A foreclosure happens when you can no longer afford to pay your mortgage payments and, as a result, your lender seizes and sells your home. Regrettably, a foreclosure does not only cost you your property. Evidence of this foreclosure will show up on your credit report as a public record and adversely impact your credit score–costing you your good credit score too.
Regardless of whether your lender uses a judicial foreclosure and requires you to court to seize your house, or seizes it independently through a non-judicial foreclosure, a listing of the occasion will appear in your county’s public documents. All three credit bureaus, Experian, TransUnion and Equifax, have representatives who routinely examine new public documents including foreclosures, bankruptcies and decisions. When the foreclosure appears from the county’s public record, the credit bureaus will add it to your credit report.
Based on AOL Real Estate, when the credit bureaus put the foreclosure on your credit report, your credit score will drop up to 300 points. Considering that the highest possible credit score you’ll have is 850, the reduction of 300 points constitutes a significant decline in your credit score. When future lenders and creditors run a credit inquiry, they’ll observe the foreclosure and understand that, before, you were unable to satisfy your repayment obligations to a lender. This may lead to future applications for credit cards, loans and insurance has been turned down.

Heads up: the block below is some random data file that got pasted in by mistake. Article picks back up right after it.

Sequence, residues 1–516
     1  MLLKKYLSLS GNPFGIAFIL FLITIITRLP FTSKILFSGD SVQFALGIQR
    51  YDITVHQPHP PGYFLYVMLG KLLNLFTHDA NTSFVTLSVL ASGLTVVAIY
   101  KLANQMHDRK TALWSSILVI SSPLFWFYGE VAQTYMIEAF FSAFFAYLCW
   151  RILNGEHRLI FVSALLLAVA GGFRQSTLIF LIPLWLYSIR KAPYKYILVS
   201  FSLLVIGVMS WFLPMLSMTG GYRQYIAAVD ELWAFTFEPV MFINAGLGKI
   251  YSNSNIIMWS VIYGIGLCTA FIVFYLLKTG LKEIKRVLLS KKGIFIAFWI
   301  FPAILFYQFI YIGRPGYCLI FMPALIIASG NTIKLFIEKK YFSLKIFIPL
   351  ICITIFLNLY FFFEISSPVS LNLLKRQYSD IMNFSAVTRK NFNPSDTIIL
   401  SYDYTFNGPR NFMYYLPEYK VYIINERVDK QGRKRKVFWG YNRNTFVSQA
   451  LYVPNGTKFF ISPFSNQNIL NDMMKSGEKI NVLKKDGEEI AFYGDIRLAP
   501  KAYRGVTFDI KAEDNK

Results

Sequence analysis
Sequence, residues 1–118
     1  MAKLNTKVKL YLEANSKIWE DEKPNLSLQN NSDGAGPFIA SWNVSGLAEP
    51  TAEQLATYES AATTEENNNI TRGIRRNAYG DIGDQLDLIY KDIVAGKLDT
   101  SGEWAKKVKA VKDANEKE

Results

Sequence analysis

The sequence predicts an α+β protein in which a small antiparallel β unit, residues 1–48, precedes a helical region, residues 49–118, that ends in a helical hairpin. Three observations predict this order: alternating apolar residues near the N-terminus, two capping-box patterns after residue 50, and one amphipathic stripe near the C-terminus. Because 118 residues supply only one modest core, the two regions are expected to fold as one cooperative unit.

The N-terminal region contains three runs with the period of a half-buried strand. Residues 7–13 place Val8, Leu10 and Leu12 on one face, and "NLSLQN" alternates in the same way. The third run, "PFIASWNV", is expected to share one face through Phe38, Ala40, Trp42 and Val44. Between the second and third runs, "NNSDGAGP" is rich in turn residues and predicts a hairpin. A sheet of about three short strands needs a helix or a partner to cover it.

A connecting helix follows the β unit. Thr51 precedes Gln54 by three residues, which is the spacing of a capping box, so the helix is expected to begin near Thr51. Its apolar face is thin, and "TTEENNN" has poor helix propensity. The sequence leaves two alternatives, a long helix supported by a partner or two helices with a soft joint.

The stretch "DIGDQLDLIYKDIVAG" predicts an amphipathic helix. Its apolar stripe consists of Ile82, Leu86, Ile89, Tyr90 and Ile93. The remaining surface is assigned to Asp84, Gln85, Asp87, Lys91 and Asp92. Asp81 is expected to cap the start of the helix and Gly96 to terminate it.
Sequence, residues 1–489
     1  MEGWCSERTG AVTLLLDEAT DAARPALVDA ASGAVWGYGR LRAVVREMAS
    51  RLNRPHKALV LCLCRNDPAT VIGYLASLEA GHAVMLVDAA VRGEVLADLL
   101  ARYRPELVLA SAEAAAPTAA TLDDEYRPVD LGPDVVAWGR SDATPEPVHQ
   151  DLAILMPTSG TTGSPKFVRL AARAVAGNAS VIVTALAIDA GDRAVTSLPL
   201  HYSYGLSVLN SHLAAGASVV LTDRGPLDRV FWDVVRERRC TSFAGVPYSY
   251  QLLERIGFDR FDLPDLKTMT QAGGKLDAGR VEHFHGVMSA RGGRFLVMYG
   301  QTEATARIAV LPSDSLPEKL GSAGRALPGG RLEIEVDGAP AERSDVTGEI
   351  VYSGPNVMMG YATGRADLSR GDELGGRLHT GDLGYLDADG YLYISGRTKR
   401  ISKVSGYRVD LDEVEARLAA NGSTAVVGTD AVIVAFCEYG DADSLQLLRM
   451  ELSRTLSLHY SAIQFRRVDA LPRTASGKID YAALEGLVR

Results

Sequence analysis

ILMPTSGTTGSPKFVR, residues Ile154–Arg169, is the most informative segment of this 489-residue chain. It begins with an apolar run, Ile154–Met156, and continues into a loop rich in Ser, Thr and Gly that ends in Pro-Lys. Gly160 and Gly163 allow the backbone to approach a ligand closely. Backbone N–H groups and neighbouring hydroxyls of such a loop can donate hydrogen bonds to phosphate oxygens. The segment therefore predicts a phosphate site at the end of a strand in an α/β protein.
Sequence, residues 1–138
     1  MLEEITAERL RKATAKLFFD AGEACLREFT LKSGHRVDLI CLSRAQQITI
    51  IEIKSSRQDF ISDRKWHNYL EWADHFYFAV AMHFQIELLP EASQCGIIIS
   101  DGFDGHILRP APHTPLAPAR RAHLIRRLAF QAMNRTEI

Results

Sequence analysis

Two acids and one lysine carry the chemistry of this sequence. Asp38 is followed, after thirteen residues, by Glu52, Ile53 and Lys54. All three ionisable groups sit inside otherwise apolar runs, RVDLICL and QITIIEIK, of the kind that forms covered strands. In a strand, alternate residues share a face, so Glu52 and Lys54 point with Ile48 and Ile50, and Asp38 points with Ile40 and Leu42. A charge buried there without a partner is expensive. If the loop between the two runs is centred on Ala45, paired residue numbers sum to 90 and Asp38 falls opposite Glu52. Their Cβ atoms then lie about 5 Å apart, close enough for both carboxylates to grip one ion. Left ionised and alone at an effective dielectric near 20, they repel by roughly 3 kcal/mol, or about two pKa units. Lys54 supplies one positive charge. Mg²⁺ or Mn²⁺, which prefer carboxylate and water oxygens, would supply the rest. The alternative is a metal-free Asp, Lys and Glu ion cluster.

Once a foreclosure appears on your credit record, it is going to stay there for seven years–the time period set for many negative credit notations from the Fair Credit Reporting Act. If you file for bankruptcy to stall or protect against foreclosure, as most folks in this scenario do, the insolvency notation can appear for another 10 years–further staining your credit report and damaging your credit score.
Following a foreclosure lowers your credit score, future lenders will charge higher rates of interest on loans and credit cardsif they approve your applications in any way. A foreclosure may even affect your job chances. An Associated Press report notes that some companies assess applicants’ credit histories to guarantee that the employee chosen for the job includes a good sense of responsibility. Thus, the negative impact a foreclosure has on you and your family members can continue long after the lender seizes your property.
Your credit score fluctuates over time and relies on an assortment of factors. The Fair Isaac Corporation’s credit rating formula, called the FICO score, is the scoring method lenders use over any other to assess borrower eligibility. Among the key factors that determines that the FICO score is how recently a specified financial event occurred. Thus, provided you pay your creditors on time and demonstrate responsible financial behavior, your credit score will slowly grow before the foreclosure vanishes from your credit report permanently.